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Leveraging Your Profits

By Mark Munday

My April article was all about the difference between Fixed Costs and Variable Costs. You can review the article at the Small Business website. This month, we use the costing distinction to understand exactly what happens to Profits when Sales go up or down.

A clear understanding of how a change in sales impacts on profitability, is essential for good financial management of your business. Knowing how Profits will respond to an increase (or decrease) in Sales, supports using an informed and balanced business strategy to improve financial results.

Increasing Sales while Fixed Costs (i.e. rent, salaries, interest etc) stay the same, causes an even bigger increase in Profits. The magnitude of this multiplier effect is what is called the Degree of Operating Leverage (DOL) in the business. It indicates how sensitive profits are to a change in sales.

Your DOL depends on the relationship between Fixed Costs and Variable Costs (raw materials, components, hourly paid labour etc.). The higher your fixed costs are, the greater the impact a change in sales has on profits.

If that all sounds like gobbledygook to you, consider these examples. Companies A and B have the same level of sales and profits. But different relationships between fixed and variable costs causes the DOL, or the response of profits to changing sales, to differ widely :

 		Company A	Company B
 Sales		$100,000	$100,000
 Variable Costs	$ 60,000	$ 20,000
 Fixed Costs	$ 20,000	$ 60,000
 Net Profit	$ 20,000	$ 20,000
Now let's see what happens when these two companies increase sales by 10%. Remember that Variable Costs will also increase by 10% (they are volume driven costs). But Fixed Costs will stay the same.

 		Company A	Company B
 Sales		$110,000	$110,000
 Variable Costs	$ 66,000	$ 22,000
 Fixed Costs	$ 20,000	$ 60,000
 Net Profit	$ 24,000	$ 28,000

% increase 20% 40% DOL 2.0 4.0

Company B's high level of fixed costs means that a 10% increase in Sales caused a 40% increase in profit. Company A, on the other hand, enjoyed a much smaller increase in profits. Clearly, increasing sales has a much more powerful leveraging effect on profits in company B than it does in company A.

To calculate the Degree Of Operating Leverage for your business, use this formula :

DOL = (Sales - Variable Costs)/(Sales - Total Costs)

Remember to treat your living costs as a fixed cost. It is the minimum amount that you have to take out of the business, no matter how little revenue is generated.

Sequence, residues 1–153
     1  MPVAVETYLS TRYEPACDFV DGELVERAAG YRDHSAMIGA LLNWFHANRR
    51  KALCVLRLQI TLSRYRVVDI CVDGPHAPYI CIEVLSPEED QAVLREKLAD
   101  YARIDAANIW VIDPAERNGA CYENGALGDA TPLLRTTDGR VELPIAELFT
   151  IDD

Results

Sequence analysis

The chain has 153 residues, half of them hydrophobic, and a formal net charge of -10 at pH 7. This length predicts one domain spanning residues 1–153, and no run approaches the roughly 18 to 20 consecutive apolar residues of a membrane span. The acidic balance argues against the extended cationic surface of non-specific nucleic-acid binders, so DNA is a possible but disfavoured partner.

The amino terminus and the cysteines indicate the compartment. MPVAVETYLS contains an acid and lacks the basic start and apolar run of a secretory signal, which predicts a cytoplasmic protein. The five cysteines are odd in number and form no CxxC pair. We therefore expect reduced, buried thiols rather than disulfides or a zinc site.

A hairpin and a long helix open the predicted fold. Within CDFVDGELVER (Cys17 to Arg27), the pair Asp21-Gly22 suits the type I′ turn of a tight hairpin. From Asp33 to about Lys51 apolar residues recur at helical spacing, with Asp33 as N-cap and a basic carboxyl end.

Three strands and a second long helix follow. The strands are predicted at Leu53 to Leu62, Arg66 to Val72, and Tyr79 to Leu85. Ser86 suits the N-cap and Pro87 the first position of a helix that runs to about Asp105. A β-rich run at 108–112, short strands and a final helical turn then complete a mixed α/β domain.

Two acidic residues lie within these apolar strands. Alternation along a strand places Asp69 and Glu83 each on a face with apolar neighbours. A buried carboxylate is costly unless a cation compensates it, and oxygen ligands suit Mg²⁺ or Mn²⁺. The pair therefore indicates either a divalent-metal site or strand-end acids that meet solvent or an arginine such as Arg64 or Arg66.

So what does all this mean for your small-business?

Well, if your operating leverage is very high, you can catapult profitability by using more productive resources in your business. Employing more people to increase production spreads the high level of Fixed Cost over a much bigger volume. Unit total-cost comes down and the business becomes a lot more profitable.

A high level of operating leverage also means that you are exposed to more risk. If sales decline suddenly, profits will fall a lot faster and a lot further. The airline industry is a typical example of this happening. High operating leverage has meant that declining numbers of passengers has caused many airlines to go bust in recent years.

If, on the other hand, your business has relatively low fixed costs but high variable costs, a different strategy will produce better results. Low operating leverage suggests that you need to look for opportunities to add more value for your customers. It will mean that you will be able to increase your prices, and profits will take off. And you probably need to improve productivity.

Using an admin assistant or a secretarial service to do non productive work could substantially increases productivity and cause profits to soar. Improving efficiency through increased mechanization or other methods, can also give profits a big boost.

As a Business Strategist and Coach, Mark works with business owners to help them achieve their business goals. His powerful strategic planning and implementation techniques produce stunning results for clients. Go to for details.

For expert assistance with creating and implementing a winning business strategy, phone him on (09)476-5510 or email him.

Mark recently released a unique and revolutionary system for building your business into what you really want it to become.

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